Posted by Monica Eiden at 4:46pm in Travel Tips

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Who’s got your back?

(2) comments · Posted by Monica Eiden at 8:09am in Business Travel, Safety & Security

Monica Eiden
I was watching a movie this weekend, an event that has happened very rarely for me over the past seven years. The movie was The Blind Side starring Sandra Bullock and Tim McGraw. The movie choice was difficult since I have been out-of-the-loop when it comes to cinema hits and because of the many choices provided to me at the touch of my remote control. After paging through the choices, my husband and I decided on a movie starring one of our favorite country music stars. I wasn’t excited about the football theme, but I was intrigued by the fact the movie was based on a true story.  

At one point in the movie, the football player assured Ms. Bullock that he “had her back”… he was going to “watch over her,” putting aside any uneasiness that Ms. Bullock would have had walking through a neighborhood that was far from Beverly Hills. Again and again throughout the movie, one person or another seemed to say, “I’ve got your back.”

This got me thinking…in our everyday lives, who has our back? Who is watching out for me? Who will know where I am if my flight is delayed, if I run into unexpected weather, or my hotel is affected by a natural disaster. 

Traveling on business is one of those times when you should ask yourself “who’s got my back as I travel to the Gulf Coast/Europe/Middle East/fill-in-the-blank, meeting with our most important clients?” The answer—if you book your travel according to most companies’ travel policy—your travel manager and travel management company (TMC) will have your back.

Sure, sure, I can hear some of you now… “I can find better deals myself on the Internet,” or “I’d rather stay at a hotel where I can earn loyalty points.” The fact of the matter is, your company has hired the right people and purchased the right tools to help you travel like a savvy traveler. And, when you add everything together, you and your company will come out on top when all of your travel details are taken into consideration. 

First and foremost, you are one of many travelers in your company, and deals that are negotiated by your travel department for hotels are based on travel volume. Many hours are spent analyzing data to achieve the best possible hotel rate , usually with free amenities included, like breakfast, Internet, and parking. They are also tracking the travel patterns of all traveling employees to understand the hotel needs of the entire company, and building long-term relationships with suppliers to keep the discounts flowing…for YOU!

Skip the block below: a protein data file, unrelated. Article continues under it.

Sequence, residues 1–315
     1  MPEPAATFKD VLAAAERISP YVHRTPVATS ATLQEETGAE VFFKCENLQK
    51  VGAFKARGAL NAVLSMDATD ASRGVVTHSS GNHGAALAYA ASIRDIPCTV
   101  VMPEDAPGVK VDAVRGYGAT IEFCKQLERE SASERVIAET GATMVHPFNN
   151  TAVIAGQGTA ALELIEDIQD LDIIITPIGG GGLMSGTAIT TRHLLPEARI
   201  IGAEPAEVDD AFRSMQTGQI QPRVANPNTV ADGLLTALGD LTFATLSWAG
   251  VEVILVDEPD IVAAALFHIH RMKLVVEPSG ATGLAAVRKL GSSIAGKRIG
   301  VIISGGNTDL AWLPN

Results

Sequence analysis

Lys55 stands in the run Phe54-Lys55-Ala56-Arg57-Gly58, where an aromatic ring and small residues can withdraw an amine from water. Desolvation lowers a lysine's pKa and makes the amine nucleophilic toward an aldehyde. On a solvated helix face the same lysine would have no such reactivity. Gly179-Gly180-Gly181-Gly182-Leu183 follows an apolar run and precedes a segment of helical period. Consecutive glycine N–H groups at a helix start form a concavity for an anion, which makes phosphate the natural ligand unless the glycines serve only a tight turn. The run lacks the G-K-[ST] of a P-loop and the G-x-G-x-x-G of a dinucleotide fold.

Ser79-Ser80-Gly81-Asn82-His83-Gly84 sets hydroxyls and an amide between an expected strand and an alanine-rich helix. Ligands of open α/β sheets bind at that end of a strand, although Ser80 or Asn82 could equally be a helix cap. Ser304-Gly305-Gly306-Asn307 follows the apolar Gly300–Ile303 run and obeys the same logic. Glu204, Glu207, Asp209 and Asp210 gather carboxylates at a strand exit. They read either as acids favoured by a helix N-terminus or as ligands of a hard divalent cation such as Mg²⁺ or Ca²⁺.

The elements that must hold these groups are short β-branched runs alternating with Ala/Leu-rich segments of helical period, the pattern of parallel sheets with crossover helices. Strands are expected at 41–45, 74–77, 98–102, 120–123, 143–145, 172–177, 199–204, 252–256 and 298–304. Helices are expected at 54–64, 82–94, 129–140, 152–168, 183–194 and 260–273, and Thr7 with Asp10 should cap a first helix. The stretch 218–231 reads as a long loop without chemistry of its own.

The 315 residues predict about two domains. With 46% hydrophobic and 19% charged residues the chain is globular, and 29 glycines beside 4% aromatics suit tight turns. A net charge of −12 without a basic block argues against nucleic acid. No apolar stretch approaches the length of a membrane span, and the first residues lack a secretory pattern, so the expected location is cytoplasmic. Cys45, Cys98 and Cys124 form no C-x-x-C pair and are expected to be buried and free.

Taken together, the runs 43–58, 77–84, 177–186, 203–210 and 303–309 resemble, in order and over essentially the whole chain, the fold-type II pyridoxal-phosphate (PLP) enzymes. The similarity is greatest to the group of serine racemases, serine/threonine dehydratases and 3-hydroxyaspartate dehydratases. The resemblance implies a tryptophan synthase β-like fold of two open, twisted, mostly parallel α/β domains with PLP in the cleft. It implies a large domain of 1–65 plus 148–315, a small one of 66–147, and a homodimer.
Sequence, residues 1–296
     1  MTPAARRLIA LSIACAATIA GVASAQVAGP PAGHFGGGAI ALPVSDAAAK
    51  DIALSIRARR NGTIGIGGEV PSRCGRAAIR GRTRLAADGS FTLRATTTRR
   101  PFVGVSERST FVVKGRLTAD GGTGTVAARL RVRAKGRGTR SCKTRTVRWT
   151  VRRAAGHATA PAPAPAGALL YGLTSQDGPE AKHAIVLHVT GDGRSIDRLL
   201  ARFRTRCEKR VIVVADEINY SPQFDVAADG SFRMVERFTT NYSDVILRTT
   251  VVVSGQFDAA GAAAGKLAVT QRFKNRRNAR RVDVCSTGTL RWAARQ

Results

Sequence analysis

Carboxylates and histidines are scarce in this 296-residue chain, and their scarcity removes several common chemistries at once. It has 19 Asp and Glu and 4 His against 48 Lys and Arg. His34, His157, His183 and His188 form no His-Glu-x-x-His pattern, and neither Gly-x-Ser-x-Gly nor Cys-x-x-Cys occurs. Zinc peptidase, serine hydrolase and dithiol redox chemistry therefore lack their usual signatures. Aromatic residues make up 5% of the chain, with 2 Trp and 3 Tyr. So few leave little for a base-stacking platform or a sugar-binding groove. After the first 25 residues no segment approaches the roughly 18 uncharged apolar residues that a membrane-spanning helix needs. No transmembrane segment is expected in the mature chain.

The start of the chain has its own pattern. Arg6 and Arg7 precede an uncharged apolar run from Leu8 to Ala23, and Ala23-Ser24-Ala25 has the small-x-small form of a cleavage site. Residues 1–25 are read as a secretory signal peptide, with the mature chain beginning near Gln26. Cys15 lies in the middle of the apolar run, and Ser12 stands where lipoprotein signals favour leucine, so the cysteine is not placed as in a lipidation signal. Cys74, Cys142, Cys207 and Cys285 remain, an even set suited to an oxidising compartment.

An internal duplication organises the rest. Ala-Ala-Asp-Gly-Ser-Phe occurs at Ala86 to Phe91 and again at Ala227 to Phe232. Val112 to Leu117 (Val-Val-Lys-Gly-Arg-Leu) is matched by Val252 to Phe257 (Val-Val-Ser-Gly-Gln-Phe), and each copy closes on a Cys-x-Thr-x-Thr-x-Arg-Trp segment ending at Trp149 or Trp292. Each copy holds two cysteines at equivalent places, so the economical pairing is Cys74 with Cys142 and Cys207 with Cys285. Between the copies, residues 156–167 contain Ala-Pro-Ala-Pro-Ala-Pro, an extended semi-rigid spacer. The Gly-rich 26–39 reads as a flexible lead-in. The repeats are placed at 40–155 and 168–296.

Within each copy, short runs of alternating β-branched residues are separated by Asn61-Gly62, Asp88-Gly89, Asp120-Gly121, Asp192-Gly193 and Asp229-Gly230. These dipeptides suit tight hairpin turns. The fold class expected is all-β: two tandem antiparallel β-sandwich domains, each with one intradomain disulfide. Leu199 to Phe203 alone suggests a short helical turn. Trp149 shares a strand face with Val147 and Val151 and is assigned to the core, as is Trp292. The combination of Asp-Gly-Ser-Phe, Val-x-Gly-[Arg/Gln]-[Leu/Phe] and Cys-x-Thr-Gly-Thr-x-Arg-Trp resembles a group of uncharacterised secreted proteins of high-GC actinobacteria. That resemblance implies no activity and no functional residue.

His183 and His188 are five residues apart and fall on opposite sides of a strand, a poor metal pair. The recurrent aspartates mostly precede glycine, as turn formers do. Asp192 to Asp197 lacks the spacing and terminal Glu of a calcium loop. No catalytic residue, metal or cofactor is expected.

When you go on a business trip, it’s not only about getting a fair rate at a hotel, it is also about the traveler experience and total cost of stay. For example, your company wants to make sure you have every opportunity to feel safe. Have you stopped to think how important it is to your company that they know what city you are in and where you are staying in case of an emergency, natural disaster, etc.? Tangible examples of this are a hotel fire, civil unrest, or perhaps a hotel outbreak of the Norovirus. Should a situation like this occur, your company will want to contact you to ensure your safety, perhaps warn you of impending danger, and potentially alter your travel plans when necessary. If you’ve booked through your TMC (see Janet’s video below), perfect! Your TMC or travel manager will be in touch. If not, your safety could be at risk and your TMC’s and/or travel manager’s ability to assist you is greatly compromised or not possible. It’s also likely your organization chooses hotel partners that have stringent safety & security measures in place, things like sprinklers in all areas of the hotel, emergency exit maps, guest-room door viewports, 24-hour surveillance cameras, or 24-hour security staff. Don’t waste your valuable time searching for deals thinking you are making better choices for you or your company. A lot of factors go into a company’s hotel choice, ultimately driven by their employees’ safety and making sure the company’s money is spent in a smart way. 

The bottom line is, no one will “have your back” if you are not booking through the proper channels; no one will know you are stuck in a hurricane, or that your flight has been cancelled and you’re faced with a cancellation fee of $100 or more because you reserved your hotel room on your own. Trust your company’s decision to hire the right people to negotiate hotel rates for you, follow the rules of booking hotels through the proper channels, and you will always be able to put your head on a pillow at night and know “someone’s got my back.”

Posted by Monica Eiden at 8:09am in Business Travel, Safety & Security